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6 Tips to Writing a High-Scoring Extended Response

By: Jess Mazzone

Writing an Extended Response can feel overwhelming for kids to write and us to teach! If you’re looking for some quick tips to make it more approachable, you’re in the right spot. Below are 6 strategies to help you and your writers crush the Extended Response.

1. Use the prompt as an outline.

One of the hardest parts about writing can be knowing where to start. Teach writers that they don’t need to figure it out on their own! Instead, they can use the writing prompt as an outline for their response. Encourage students to use each part of the question to structure their response, and to go in that order.

2. Write a clear introduction.

Use the introduction as an opportunity to outline the rest of the Extended Response. Teach writers to name the text, state their claim, and answer the question in 1-2 sentences.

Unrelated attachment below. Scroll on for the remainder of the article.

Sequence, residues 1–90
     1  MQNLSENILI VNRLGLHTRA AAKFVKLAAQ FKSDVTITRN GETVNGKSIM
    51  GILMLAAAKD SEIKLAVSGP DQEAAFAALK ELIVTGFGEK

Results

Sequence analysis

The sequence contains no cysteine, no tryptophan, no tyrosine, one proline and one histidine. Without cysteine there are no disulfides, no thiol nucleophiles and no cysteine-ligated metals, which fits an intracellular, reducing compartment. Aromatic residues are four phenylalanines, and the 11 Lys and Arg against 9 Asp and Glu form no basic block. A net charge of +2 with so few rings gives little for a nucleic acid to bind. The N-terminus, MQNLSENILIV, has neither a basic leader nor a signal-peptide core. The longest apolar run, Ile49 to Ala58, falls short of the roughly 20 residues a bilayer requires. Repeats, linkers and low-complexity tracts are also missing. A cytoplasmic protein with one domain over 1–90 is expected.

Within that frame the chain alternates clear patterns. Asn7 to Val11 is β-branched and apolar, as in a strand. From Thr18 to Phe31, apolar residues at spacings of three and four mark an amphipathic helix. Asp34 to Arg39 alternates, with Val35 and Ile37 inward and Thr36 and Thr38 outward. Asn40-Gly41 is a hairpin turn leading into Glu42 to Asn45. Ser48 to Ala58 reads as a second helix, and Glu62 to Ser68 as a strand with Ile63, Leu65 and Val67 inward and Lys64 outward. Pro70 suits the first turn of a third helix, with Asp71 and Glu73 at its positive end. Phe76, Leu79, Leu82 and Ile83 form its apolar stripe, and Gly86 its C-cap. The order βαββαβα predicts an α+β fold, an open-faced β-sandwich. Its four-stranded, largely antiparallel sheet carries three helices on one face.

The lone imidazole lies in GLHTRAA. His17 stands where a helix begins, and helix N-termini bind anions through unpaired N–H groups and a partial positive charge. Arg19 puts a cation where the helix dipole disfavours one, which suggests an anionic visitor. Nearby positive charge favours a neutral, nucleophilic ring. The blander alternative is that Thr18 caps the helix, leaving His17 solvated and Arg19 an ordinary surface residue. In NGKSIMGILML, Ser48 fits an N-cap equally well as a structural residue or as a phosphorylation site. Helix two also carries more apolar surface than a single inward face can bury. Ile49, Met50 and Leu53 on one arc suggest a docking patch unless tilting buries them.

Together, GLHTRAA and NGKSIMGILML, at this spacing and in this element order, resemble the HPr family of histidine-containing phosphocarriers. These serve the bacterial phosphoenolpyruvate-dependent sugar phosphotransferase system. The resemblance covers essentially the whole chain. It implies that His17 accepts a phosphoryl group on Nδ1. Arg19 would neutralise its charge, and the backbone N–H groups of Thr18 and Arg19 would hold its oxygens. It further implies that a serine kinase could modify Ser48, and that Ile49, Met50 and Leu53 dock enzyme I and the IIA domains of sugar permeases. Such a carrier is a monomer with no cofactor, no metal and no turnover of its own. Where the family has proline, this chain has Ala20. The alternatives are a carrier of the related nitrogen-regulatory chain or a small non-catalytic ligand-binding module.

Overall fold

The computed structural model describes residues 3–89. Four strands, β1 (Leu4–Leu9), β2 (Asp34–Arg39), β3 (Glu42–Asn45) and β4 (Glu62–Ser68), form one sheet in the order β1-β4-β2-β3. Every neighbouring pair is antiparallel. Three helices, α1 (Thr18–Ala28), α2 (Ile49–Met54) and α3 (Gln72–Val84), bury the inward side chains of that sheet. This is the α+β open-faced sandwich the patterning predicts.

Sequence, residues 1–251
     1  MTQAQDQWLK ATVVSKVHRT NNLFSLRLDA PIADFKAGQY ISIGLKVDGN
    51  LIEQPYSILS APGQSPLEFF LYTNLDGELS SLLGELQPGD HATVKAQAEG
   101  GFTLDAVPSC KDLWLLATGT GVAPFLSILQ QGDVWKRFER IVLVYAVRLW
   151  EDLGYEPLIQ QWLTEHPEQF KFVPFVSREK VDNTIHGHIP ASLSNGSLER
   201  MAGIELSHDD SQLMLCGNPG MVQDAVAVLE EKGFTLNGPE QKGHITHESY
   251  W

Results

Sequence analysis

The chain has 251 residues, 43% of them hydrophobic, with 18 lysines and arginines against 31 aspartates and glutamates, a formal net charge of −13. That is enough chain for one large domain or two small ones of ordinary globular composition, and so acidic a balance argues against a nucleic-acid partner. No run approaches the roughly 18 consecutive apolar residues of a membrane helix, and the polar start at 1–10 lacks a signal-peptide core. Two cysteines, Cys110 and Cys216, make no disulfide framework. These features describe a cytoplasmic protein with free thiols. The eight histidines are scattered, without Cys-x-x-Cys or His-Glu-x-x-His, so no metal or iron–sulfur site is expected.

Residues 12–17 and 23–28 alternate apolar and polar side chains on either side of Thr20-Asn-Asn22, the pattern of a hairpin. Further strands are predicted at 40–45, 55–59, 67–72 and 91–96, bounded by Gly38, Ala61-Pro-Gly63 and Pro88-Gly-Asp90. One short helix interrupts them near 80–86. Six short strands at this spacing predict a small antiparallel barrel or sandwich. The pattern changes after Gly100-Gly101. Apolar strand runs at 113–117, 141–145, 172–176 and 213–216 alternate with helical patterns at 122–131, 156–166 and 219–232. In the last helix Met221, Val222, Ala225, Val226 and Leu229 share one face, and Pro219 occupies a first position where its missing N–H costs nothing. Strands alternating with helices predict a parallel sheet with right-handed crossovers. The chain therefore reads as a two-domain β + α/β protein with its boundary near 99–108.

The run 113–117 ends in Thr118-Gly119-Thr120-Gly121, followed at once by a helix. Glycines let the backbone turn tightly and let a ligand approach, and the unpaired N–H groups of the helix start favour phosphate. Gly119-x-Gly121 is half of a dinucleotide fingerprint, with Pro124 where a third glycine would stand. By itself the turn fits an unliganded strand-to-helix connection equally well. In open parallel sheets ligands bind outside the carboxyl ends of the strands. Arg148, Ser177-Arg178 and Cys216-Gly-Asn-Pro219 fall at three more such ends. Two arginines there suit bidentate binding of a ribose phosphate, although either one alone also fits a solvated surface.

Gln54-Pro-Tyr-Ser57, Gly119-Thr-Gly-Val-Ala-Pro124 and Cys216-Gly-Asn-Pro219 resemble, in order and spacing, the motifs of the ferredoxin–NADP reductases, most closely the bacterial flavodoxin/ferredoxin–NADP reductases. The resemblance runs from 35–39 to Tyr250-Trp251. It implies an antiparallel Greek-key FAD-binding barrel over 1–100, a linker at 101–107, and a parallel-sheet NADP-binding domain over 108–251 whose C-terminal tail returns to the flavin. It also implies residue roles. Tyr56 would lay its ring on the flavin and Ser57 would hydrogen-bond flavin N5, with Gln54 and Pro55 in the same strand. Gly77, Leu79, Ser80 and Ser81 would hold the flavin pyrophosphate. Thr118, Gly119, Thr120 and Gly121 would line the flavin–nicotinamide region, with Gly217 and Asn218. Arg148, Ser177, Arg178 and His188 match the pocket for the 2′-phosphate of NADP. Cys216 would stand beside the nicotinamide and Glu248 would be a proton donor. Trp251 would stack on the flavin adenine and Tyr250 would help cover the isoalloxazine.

3. Answer all parts of the question.

When studying released responses, often something that prevents students from getting full credit on extended response writing is that they forget to answer all parts of the question. Teach writers to go back and check off each part of the question after they’ve written their response to make sure they’ve fully answered each part. 

4. Rely on your essay work.

No need to go into extended response writing cold! Support writers in transferring all that they know from essay writing by doing inquiry work. You might place an essay and extended response side by side asking, “What makes these two genres of writing similar? What makes them different?” In addition, pull charts from your essay writing units into test prep.

5. Explain and unpack evidence.

Help writers demonstrate their reading comprehension by teaching them to include transitional sentences that set up and unpack their text evidence. Before quoting or summarizing, get writers to explicitly tell readers why their evidence is important. 

6. Extend your thinking in the conclusion.

To raise the level of extended response writing, teach students to extend their thinking at the end of their work. Making connections to themselves, the world, other texts, and real life demonstrates a deeper understanding of the text. 

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